The Summer That Was

The good news about the box office for the weekend is that all three of the new releases were non-sequels, one of the few times that’s happened this summer. The bad news is that there’s probably already an Expendables 2 script being written right now, the other two were book adaptations and Scott Pilgrim laid its claim to the summer’s biggest bust. That’s probably more weighted in the bad than the good column, no?

lottery ticket won't be turning around the summer box office

lottery ticket won't be turning around the summer box office

The other part of the bad news is that it’s the end of the summer blockbuster movie season, unless you think Lottery Ticket is a potential $250 million keeper. I tend to fall on the side of “no.”

That leaves us to reflect on the summer movie season that was, a mish-mashed hodgepodge of flicks we probably won’t be talking about in 10 years and may not even remember:

BEST TREND: We’re starting to say no to Canned Hollywood. Movies like Sex and the City 2, MacGruber, the A-Team, Marmaduke, Cats and Dogs 2, Step Up 3D and Killers, movies that seemed to make no effort whatsoever to leave their mark on the cinema world and instead were conceived out of some money-making nightmare, all thankfully performed far below expectations. Inception, Dinner for Schmucks, The Kids Are All Right (gross is four times its budget), Get Him to the Greek, Salt, at least somewhat original movies that seemed to have some thought behind them, were successful. Keep this up, America, and we may end up getting a better product from Hollywood.

BIGGEST SURPRISE: Family movies are back. The summer is supposed to be all about flexing those testosterone-fed muscles, but just about every success story of the summer — aside from the ill-conceived Marmaduke — was a family movie. Toy Story 3 is now the biggest animated movie of all time, Shrek made $677 million worldwide, and Karate Kid is the seventh-biggest hit of the summer and Despicable Me came out of nowhere to push past $200 million. Even the worst reviewed movie of the summer, The Last Airbender, opened to $40 million. It’s a good time to have kids right now, even if you have to sit through a Karate Kid. OTHERS: Knight and Day bombs, Karate Kid kills, people actually know what The Last Airbender is, Expendables is a hit.

not even this outfit could keep jonah hex from bombing

not even this outfit could keep jonah hex from bombing

BIGGEST BOMB: Every summer has to have one — at least one. I’m sticking with my pick at the start of the summer, Jonah Hex, which has made all of $10 million and didn’t even get an international release. That’s pretty impressive. OTHERS: Scott Pilgrim, Cats and Dogs 2 and Sorcerer’s Apprentice aren’t that far behind.

BIGGEST WINNER #1: Christopher Nolan. Despite directing and co-writing one of the biggest movies of all time with Dark Knight, he still had to answer to the silent charge, “Yeah, well he still hasn’t opened a non-Batman movie.” Insomnia and The Illusionist didn’t exactly set the world on fire. But now that Inception became the talk of the summer and he doesn’t have another movie on his slate until Batman 3 (7?), he can pitch a script called Flying Feces and Warner Brothers will give him $200 million to make it.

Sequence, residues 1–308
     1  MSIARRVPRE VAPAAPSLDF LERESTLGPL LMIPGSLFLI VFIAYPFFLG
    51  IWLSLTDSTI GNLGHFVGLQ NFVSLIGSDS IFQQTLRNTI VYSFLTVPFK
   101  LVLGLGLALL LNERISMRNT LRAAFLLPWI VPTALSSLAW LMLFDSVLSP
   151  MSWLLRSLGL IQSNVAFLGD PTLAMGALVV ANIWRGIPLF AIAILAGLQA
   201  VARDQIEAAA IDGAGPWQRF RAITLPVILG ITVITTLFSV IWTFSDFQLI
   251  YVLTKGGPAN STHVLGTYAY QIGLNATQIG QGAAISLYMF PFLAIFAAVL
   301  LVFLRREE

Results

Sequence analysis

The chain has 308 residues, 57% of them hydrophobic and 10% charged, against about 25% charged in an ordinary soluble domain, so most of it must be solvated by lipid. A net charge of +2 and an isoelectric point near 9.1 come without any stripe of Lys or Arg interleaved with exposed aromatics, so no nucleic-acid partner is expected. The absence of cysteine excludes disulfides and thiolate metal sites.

BIGGEST WINNER #1aSteve Carell. The only person that had a July comparable to Nolan was Carell. Just months after he announced he’s leaving The Office at the end of its seventh season, he needed both of his summer movies to be hits to make sure he wasn’t making the wrong decision by walking away from the NBC paycheck. He had the sixth-biggest opening of the summer with Despicable Me, then went out and opened Dinner for Schmucks ahead of expectations. Now, people will be looking to get into the Steve Carell business. OTHERS: Will Ferrell, Adam Sandler, Angelina Jolie.

BIGGEST LOSER #1: Jerry Bruckheimer, and it gives me great joy and pleasure to announce that. Prince of Persia ($90 million domestic gross, $200 million budget) and Sorcerer’s Apprentice ($60 million against $150 million budget) were two of the biggest disappointments of the summer, and he was behind both of them. That’s not even counting his TV failures of the last year in The Forgotten and Miami Medical. The questions are out there whether he’s lost his touch — but then Pirates of the Caribbean will open to $120 million next summer and they’ll stop.

not how the shrek people wanted to end

not how the shrek people wanted to end

BIGGEST LOSER #2: Jake Gyllenhaal. Quick! When was his last movie that made more than $100 million. Thinking … thinking … how about 2004 with the forgetable The Day After Tomorrow? Prince of Persia was his carefully crafted breakout action role, the one that was supposed to propel him to into the land of $20 million paychecks. For whatever reason, it didn’t, and right or wrong, the blame falls on Maggie’s brother. Can we call him that now? His recent career is littered with box office disappointments like Zodiac and Rendition. Perhaps he’s just an indie guy who’s born for roles like Donnie Darko and Brokeback instead of blockbusters. Fine by me. OTHERS: Shrek 4, which will end up only the third-highest-grossing animated movie of the summer, Russell Crowe, Nicolas Cage, Fox (which put out Marmaduke, Knight and Day and A-Team).

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